What is the HAT PDA (Personal Data Account)?
The HAT microserver is a new technology that confers intellectual property rights of personal data to individuals through their ownership of a database, wrapped with containerised microservices. It then enable the HAT owner to have a personal data account (PDA) to freely share their data with applications and websites. The HAT microserver is fully portable across devices, but is commonly hosted in the cloud. It is provisioned by a HAT Platform Provider (HATDeX) (much like credit cards are provisioned by Visa or Mastercard) and issued by a HAT Issuer (much like how individuals get their Visa/Mastercard from Banks and not by Visa/MasterCard themselves). By way of its legal, economic and technical architecture, the personal data within a HAT can be legally owned, controlled and processed by individuals. Individuals can install plugs to bring their data in from the Internet, exchange data with applications through data debits and install tools in their microservers to have private AI for insights into their data, their health, their history and their memories. The HAT is fully open sourced but services in the HAT ecosystem are built by commercial as well as non-profit organisations.
The HAT was developed through more than £3m UKRI Digital Economy-funded research projects involving six universities: Cambridge, Edinburgh, Nottingham, Surrey, Warwick, and UWE.
How HATs are different
Legally owned, fully controlled by individuals:
- The HAT microserver is a powerful software device and an Internet server with the individual’s own URL e.g. https://andrius.hubofallthings.net
- Legal ownership of the HAT Microserver database rights, with full rights to its content and therefore part of the individual’s estate. Individuals can donate their data to research or be a guardian of their child's database as a minor
- Legally act as a data controller and processor of the data in their HATs, so they can request for data legally, instead of through a third party service
- The HAT Platform provider enable HATs to be issued by HAT Issuers, and for HAT data to be used by HAT Merchants.
A revolutionary way of conducting data exchanges on the Internet:
- Accept a data exchange of any kind, and of any size, be it a single location point, a tweet, or a review of a product through a note
- Accept a data exchange without revealing identity, e.g. shopping list or location, to get personalised recommendations while remaining private
- Data exchange contract is logged and the license to use the data is given by individuals themselves
What problem does the HAT solve
- Greater Data Mobility to create value in the new data and digital economy for individuals, organisations and society.
- Efficiency for individuals. The ability to use their data again and again to fill in forms, or get personalised recommendations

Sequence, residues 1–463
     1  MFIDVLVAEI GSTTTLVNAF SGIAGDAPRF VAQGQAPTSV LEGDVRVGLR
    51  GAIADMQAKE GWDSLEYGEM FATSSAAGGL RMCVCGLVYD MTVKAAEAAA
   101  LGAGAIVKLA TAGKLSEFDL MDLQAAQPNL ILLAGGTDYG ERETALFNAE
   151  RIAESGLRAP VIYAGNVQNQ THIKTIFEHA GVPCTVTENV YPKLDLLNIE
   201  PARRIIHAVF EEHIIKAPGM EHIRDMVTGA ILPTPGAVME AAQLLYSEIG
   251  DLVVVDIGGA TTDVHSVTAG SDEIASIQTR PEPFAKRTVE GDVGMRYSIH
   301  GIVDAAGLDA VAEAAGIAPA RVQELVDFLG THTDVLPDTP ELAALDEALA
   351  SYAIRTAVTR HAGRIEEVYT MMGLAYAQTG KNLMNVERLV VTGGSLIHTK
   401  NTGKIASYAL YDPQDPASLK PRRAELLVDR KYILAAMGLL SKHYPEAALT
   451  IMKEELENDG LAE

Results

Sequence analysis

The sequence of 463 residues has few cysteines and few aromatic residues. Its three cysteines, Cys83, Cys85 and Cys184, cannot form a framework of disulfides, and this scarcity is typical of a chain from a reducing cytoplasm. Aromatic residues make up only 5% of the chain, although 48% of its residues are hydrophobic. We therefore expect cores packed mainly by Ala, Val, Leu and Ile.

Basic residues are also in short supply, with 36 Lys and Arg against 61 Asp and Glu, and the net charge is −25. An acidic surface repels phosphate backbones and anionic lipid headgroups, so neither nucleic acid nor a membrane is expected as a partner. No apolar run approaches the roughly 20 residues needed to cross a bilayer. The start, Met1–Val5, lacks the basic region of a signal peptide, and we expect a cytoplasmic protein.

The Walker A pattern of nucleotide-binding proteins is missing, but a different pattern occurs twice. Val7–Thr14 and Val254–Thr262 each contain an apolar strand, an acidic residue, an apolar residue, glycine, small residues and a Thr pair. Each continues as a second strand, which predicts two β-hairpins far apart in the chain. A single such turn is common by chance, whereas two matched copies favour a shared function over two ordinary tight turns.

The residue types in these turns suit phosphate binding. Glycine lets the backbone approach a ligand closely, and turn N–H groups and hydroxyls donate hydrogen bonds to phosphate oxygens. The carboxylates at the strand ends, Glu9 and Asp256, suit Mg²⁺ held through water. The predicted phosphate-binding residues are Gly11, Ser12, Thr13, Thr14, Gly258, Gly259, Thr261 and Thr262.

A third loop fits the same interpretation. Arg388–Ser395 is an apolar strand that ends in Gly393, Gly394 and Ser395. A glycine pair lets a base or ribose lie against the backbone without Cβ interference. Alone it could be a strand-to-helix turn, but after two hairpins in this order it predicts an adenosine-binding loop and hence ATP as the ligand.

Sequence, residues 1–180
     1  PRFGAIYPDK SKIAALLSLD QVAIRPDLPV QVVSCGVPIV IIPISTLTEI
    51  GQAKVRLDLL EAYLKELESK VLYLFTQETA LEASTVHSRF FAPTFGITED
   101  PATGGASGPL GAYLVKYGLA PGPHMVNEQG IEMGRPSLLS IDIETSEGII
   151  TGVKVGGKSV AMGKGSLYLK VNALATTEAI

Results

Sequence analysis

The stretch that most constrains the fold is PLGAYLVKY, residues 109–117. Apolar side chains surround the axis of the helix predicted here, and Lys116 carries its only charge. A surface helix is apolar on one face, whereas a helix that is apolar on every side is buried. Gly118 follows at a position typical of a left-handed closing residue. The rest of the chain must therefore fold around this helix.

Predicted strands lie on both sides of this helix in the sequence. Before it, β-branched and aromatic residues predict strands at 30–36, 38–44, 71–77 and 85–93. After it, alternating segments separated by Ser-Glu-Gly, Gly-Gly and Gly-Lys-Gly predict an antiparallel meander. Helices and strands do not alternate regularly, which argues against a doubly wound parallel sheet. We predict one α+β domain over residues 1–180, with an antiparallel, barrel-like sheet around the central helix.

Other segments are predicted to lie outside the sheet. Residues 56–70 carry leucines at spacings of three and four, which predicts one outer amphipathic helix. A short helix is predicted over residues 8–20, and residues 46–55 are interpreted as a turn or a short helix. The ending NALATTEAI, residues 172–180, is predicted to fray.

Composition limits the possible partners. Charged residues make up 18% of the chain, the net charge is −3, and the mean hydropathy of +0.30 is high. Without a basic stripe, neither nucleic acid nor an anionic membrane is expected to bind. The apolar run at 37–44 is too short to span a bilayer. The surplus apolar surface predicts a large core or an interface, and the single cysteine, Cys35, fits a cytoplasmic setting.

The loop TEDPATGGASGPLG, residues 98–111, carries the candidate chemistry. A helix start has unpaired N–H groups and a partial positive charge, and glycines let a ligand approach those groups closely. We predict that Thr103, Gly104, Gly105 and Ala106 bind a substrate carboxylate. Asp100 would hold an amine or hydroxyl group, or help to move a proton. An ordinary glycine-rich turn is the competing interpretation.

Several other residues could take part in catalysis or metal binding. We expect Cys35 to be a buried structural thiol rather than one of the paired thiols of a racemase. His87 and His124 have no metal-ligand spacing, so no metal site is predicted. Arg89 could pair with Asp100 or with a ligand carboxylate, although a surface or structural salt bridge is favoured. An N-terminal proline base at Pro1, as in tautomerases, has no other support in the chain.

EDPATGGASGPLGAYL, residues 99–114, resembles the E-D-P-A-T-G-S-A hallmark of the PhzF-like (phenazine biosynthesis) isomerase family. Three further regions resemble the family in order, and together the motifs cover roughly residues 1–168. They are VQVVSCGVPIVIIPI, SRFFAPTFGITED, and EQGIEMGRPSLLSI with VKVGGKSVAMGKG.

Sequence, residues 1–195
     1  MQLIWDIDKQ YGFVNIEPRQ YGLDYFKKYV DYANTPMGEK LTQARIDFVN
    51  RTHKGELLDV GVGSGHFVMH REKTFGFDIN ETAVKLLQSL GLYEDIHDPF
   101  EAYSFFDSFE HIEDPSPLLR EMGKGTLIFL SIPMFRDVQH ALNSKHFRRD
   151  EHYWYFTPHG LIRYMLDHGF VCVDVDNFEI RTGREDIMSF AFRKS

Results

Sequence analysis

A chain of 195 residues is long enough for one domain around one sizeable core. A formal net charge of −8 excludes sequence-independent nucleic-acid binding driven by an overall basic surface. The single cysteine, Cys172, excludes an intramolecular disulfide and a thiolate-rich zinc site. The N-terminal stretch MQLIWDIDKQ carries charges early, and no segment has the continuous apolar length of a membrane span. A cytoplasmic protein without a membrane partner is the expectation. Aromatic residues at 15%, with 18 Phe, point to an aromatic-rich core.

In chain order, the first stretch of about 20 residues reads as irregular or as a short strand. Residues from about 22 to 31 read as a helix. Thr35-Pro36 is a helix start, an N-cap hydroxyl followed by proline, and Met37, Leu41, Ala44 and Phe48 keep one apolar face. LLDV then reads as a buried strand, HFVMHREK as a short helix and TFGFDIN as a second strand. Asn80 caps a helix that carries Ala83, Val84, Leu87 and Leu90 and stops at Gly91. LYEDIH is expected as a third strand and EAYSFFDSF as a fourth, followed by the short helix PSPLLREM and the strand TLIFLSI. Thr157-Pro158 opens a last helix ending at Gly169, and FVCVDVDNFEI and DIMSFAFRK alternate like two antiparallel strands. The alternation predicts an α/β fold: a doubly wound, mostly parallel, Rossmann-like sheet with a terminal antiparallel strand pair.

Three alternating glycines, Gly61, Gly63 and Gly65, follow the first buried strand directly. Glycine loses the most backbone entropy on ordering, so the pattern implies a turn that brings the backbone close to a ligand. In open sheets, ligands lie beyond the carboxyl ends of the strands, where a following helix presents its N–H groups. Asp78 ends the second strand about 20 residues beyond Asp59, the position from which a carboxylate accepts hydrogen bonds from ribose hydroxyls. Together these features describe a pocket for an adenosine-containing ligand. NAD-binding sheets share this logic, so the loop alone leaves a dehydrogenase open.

- Efficiency for application builders. Save costs on infrastructure by outsourcing the user account that can be shared with other applications
- Reduce data ownership risks for applications. No need to deal with messy data handling and also create trust with your users.
- Economic power to individuals so that they can reward organisations with their own data
- Private by default. Organisations that ask HAT Owners for data can choose to INQUIRE data in real time and on demand, instead of ACQUIRING it (although they can do both if they wish, with a transparent rating system)
- Reduce privacy risks. Exchange data for as long as individuals want to, e.g. to check into a hotel, and stop exchanging when the other party no longer needs it.
What opportunities do HATs give
- Stimulate innovation in the data economy with portability and mobility. New data services/apps can be created, which are privacy preserving without the need to build user accounts
- Build trust. New privacy-preserving data driven apps that do not need to hoard or hoover up data can be created.
- Reduce privacy leaking.
What is the goal
The goal is to create a new generation of services on the Internet running on HAT microservers.
How secure is the HAT
Security is at the core of the HAT and HAT Platform Providers follow industry best practices to secure the environment where HATs are provisioned. Milliner as a recognised solution for implementing security requirements provide detailed answers to the comprehensive security measures used.
Who is HATDeX
HATDeX is the operator of the HAT trust framework proposed by the 6-university HAT Project. It built legal, economic and technical infrastructure for the provisioning of HAT Microservers and the facilitation of on-demand, real-time personal data exchanges with transparent governance rules for data sharing between HAT Microservers and HAT enabled applications https://hatdex.org
Who is HAT Community Foundation
The HAT Community Foundation (HCF) regulates the HATDeX Platform. It certifies all partner tools, apps and plugs built on the HAT and approves all changes to the platform terms of service. https://hatcommunity.org